Google and Facebook are not to blame for the fact that for years publishers have completely overlooked the fact that they have put themselves at the mercy of the digital sector. You could say the entire industry took a wrong turn digitally years ago, and blames the landowner of the impasse for not moving forward here.

Google, Facebook, the media - and the users

It's wrong for regional and national publishers to rival each other - the real competitors are now at home in America. It's nonsense for each publisher to develop its own technology, run apps, introduce paywalls, and spend vast amounts of money to develop systems that work the way the publisher would like users to access the publisher's content. It's not about the publishers. It's not about an end in itself. It's about the users - the people. They want to be entertained, they want to be informed, they want to be inspired. Google, Facebook and other tech companies from America demonstrate this every day. They consistently gear their products to the needs of users. In the meantime, Europe is debating legal regulations to ban or restrict the best technologies and solutions instead of developing better ones themselves.

Together in a new direction

From our point of view, the solution is simple and clear: We need our own, digital, European press wholesaler. But one that is geared less to the needs of the publishers and more to the users. It has to knock Google & Facebook off their heels, and just wow the users. It has to be aggressively forward. Innovative, courageous, and above all, a common solution! Pursuing common interests with combined force. Not in lobbying, but in technology and innovation.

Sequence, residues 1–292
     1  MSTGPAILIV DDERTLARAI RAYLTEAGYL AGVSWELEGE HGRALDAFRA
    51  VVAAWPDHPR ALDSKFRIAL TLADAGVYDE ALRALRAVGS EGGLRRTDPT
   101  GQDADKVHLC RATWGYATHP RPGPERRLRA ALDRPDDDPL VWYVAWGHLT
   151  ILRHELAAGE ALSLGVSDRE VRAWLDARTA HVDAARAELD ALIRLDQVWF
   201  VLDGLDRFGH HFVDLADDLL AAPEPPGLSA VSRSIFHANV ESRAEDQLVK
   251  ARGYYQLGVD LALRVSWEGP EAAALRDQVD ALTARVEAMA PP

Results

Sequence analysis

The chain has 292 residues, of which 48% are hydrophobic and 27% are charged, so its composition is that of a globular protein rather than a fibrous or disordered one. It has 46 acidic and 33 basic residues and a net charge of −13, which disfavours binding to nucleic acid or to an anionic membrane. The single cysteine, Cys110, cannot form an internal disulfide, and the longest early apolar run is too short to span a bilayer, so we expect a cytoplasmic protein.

We have been working since 2017 to make this vision a reality. Although many publishers have to date ruled out wanting to make common cause on a grand scale. Which would be nothing new. It's always been that way in press wholesaling. And on Google? On Facebook? Aren't they all represented together here, too? We have developed a technology that is an international leader and has the potential to overtake systems like Google News in Europe. We're developing features that put the user at the center, will delight them and keep them in the system for a long time. In the background, everything is based on data. The monetization possibilities are plausible and diverse. And above all, the goal is always that we build a system that works for the publishers, that in the optimal case even belongs to them in the end.

Like almost everyone, I'm mostly in my home office at the moment, but that makes me all the easier to reach for personal discussions. I'm happy to hear counter-arguments, and even happier if we end up finding a common way to secure and strengthen the independence and diversity of European publishers in the long term. That is where my drive lies.

Best regards,

David Böhm

Citytower Linz,
Lastenstraße 36, 4020 Linz

0732 / 29 09 29

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Dieses Projekt wurde durch den Bund und die FFG im Rahmen des Programms AT:net gefördert.